Hear candid conversations between people conquering cancer – patients, their family and friends, and doctors and researchers working to help us all.
Before Dr. Jenny Ruiz became a pediatric oncologist, her first experience with kids and cancer came when a younger cousin was diagnosed with leukemia. Dr. Ruiz became a translator for her family, most of whom speak Spanish as a first language; her cousin’s doctor spoke English. This experience showed her how life-threatening language barriers can be when patients and families with limited English proficiency must navigate cancer care.
Now, the three-time Conquer Cancer grant and award recipient explores how language barriers impact survival rates in children with cancer. She tells Dr. Don Dizon why she works with young patients and how language-based research is vital to better care for all patients.
WHAT YOU'LL HEAR IN THIS EPISODE:
• The risks facing patients with limited English proficiency
• How patients are helped when language gaps are bridged
• Why multilingual representation in clinical research matters
• The challenges Latinas and women of color endure to provide equitable care to their patients
"I could see how language, and language barriers, could easily affect care and understanding and communication. I sometimes saw my [older] cousin act as an interpreter, which is not an ideal way for a family to communicate with their doctor,” says Dr. Ruiz. “At the same time, I would also see some physicians who did speak Spanish and were able to communicate medical information to my cousin’s family. I saw both sides.”
Dr. Ruiz focuses her research on the social determinants of health (SDOH) to help address language barriers. SDOH are the social, economic, and physical circumstances in which people are born, live, and work, including multiple factors that have a direct impact on health outcomes. Dr. Ruiz’s work is twofold: in addition to exploring language barriers, she also studies how SDOHs, like the linguistic abilities of patients, can influence the implicit biases of monolingual English-speaking providers.
She says the SDOH play a huge role in affecting the health outcomes of patients who have been historically marginalized.
“Oftentimes, health care providers come from different backgrounds and experiences, and may not be as attuned to these problems,” says Dr. Ruiz. “It’s important for more research in this area to prioritize these populations.”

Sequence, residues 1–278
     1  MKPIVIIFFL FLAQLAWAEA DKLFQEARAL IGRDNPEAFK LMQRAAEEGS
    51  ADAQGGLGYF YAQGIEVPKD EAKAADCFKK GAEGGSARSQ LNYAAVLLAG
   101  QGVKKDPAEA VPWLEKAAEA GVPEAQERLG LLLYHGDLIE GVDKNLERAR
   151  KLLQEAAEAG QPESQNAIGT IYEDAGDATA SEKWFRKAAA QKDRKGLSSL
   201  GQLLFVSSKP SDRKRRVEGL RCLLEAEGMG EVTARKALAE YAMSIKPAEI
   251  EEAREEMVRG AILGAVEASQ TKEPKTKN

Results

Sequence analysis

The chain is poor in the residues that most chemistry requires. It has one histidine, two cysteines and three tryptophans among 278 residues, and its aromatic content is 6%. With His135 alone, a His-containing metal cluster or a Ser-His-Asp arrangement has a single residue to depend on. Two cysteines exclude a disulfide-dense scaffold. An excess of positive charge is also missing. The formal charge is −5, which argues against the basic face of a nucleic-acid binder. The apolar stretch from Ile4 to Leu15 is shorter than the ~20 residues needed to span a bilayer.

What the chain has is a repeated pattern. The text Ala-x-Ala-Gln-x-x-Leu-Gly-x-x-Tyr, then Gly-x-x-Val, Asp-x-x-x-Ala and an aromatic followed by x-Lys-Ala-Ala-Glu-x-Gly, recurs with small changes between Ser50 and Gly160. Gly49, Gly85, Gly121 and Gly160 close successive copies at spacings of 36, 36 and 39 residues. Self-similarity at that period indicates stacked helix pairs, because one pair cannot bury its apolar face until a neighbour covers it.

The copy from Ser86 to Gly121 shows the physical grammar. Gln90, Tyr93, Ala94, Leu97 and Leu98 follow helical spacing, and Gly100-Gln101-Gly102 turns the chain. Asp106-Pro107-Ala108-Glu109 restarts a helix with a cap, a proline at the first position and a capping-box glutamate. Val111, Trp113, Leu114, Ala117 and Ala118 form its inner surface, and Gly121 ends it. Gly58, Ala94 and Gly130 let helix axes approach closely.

Beyond seeing her little cousin experience leukemia, Dr. Ruiz’s interest in treating kids with cancer is driven by her desire to help ensure all young patients have an equitable chance to grow up healthy.
“I truly believe that as we’re treating more kids with cancer, their diagnosis should not limit their potential as adults and how they live their future lives,” says Dr. Ruiz. “We know there are disparities and inequities in access and outcomes in pediatric oncology, and that really drives me to find solutions to those problems.”
Language-Affirming Research & Care
Drawing on her research and personal experiences, Dr. Ruiz encourages health care centers with limited translation resources to prioritize investing in interpretive services and heightening access to multilingual communication options. Such measures can be lifesaving for patients and affirming for families whose English proficiency is limited.
“I think ideally, it should be a trained, certified interpreter acting as that liaison between the family and doctors and medical team. But not all hospital centers have those resources,” says Dr. Ruiz. “Sometimes, it unfortunately does fall on family members. I think that’s something the health care system can work on improving."
She also advocates for clinical trials, which have been especially pivotal for marking milestones in childhood cancer, to elevate representation of both patients and researchers who speak languages other than English.
“A lot of the advances we’ve made in pediatric cancer have been because of cooperative clinical trials,” says Dr. Ruiz. “I hope this type of research will improve participation in clinical trials.”
Helping her Spanish-speaking family communicate with their oncologist inspired Dr. Jenny’s Ruiz’s work in cancer care. This three-time Conquer Cancer grant and award recipient shares how her language-based research aims to improve survival rates for pediatric patients.